The council’s “Dogmatic Constitution on the Church” and “Decree on Ecumenism” reflect an important recovery of understanding of the essential nature of the church as communion. Through baptism and faith all Christians are united in Christ. Communion in Christ grounds the ecclesial communion they share in varying degrees. Vatican II calls for collective conversion to Christ and the continual reform of the church. Dialogue, carried out in a spirit of humility and patient self-examination, is the preferred course of action toward reform and unity.
Other Christian communions—some represented by official observers at the council—also have undertaken important reforms of liturgical expression, ministries and governing structures. While full, visible unity may still seem a distant goal today, Vatican II has been the catalyst for an extensive renewal of the inner life of each church. This has created a new set of relationships among the churches and helped us grow in unity. The council continues to be a transforming force for all of Christianity.
Listen to a conversation with Catherine E. Clifford.
Catherine E. Clifford is a professor and vice dean in the faculty of theology at Saint Paul University in Ottawa, Ontario.
A New Voice at the Pulpit
By Greg Kandra
A date most Catholics do not know may be one of the most important anniversaries on the church calendar: June 18, 1967. That was the day Pope Paul VI, following the recommendations of the Second Vatican Council, issued “Sacrum Diaconatus Ordinem,” which laid out “General Norms for Restoring the Permanent Diaconate in the Latin Church.” That document and what followed it had a seismic impact. Nearly 50 years later the earth continues to move.
There are some 31,000 permanent deacons worldwide, over 17,000 of them in the United States. They are increasingly a part of the Catholic landscape, in ways that are vibrant, vocal and visible. Deacons run religious education programs and food pantries; supervise adult Christian initiation teams and bereavement groups; facilitate Pre-Cana classes and annulments. They make regular appearances in the pulpit; some parishes have “deacon weekends,” where they preach at all the Masses. In many dioceses, they have assumed leadership responsibilities that once belonged exclusively to priests. More and more, when families flip through photo albums of weddings and baptisms, the vested figure smiling in the background, offering a blessing and a toothy grin, is not the parish priest. It is the deacon.
The deacon has also become a presence in the life of the universal church. Three points spring to mind.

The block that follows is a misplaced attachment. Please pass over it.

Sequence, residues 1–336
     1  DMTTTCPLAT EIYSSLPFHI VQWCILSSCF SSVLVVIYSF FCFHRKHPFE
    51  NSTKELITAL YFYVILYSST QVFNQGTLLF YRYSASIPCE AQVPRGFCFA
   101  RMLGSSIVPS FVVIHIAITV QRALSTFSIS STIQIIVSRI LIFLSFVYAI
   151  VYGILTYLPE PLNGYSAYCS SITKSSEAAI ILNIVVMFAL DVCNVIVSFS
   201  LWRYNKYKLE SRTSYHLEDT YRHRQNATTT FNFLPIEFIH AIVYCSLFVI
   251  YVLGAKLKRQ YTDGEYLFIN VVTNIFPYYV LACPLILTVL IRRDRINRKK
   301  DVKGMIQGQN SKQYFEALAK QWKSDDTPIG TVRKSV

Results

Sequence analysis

The diaconate has broadened our idea of what it means to belong to the clergy. Some of us can remember when the most familiar member of the clergy was the parish priest. He was usually a “lifer” who entered the seminary fresh from college (or a prep seminary), was ordained in his mid-20s and never knew any other kind of life. The restoration of the diaconate opened up membership in the clergy to men who were older, married and had families, jobs and careers. This significant move challenged the church to change its perception of what it means to be ordained. It does not necessarily mean being celibate; a life dedicated to holiness could come from anywhere. A résumé in the world suddenly became an asset. The church came to embrace the idea that life experience could inform and enhance ministry.
For most deacons that includes experience as a husband and father, which has brought into the Roman church the clergyman’s wife and family. The wife’s role, in particular, is critical. Many wives work closely with their husbands in ministry, helping prepare couples for marriage, assisting at baptisms and/or serving as a prayerful support when the nights get long, the classes become grueling and the parish council meeting turns into a shouting match. (More than a few deacons will tell you that when it comes to homilies, their wives are also their most trustworthy critics.)
The diaconate has put a new voice in the pulpit. When deacons arrived on the scene, many in the pews began to hear preaching that connected with their lives in unexpected ways. They heard a father talk about the challenges of raising teenagers; they heard a husband preach about the sacrament of marriage; they heard a worker talk about the pressures of paying off a mortgage or dealing with a difficult boss. This different kind of homiletics can mirror the people in the pews.
The diaconate has given a new dimension to the sacrament of holy orders. It has brought the laity closer to the clergy and vice versa. The deacon bridges two worlds. To his bishop and pastor he can be a set of eyes and ears; to the faithful he can be a prayerful advocate and sympathetic voice. He lives down the block, has a child in the parish school and will often be the first person parishioners approach if they have a problem, a question, a worry or a doubt.
As the Code of Canon Law (Canon 1009, No. 3) makes clear: “Those who are constituted in the order of the episcopate or the presbyterate receive the mission and capacity to act in the person of Christ the Head, whereas deacons are empowered to serve the people of God in the ministries of the liturgy, the word and charity.”The deacon’s faculty—and his defining charism—is one of service.
It is a service we are still coming to understand, for the restored diaconate is a work in progress. But its impact is unmistakable. The diaconate, a flourishing fruit of the council, has strengthened the church’s presence in the modern world and left the church and the world enriched.
Deacon Greg Kandra of the Diocese of Brooklyn is the executive editor of ONE magazine, published by Catholic Near East Welfare Association. He also writes the blog “The Deacon’s Bench.”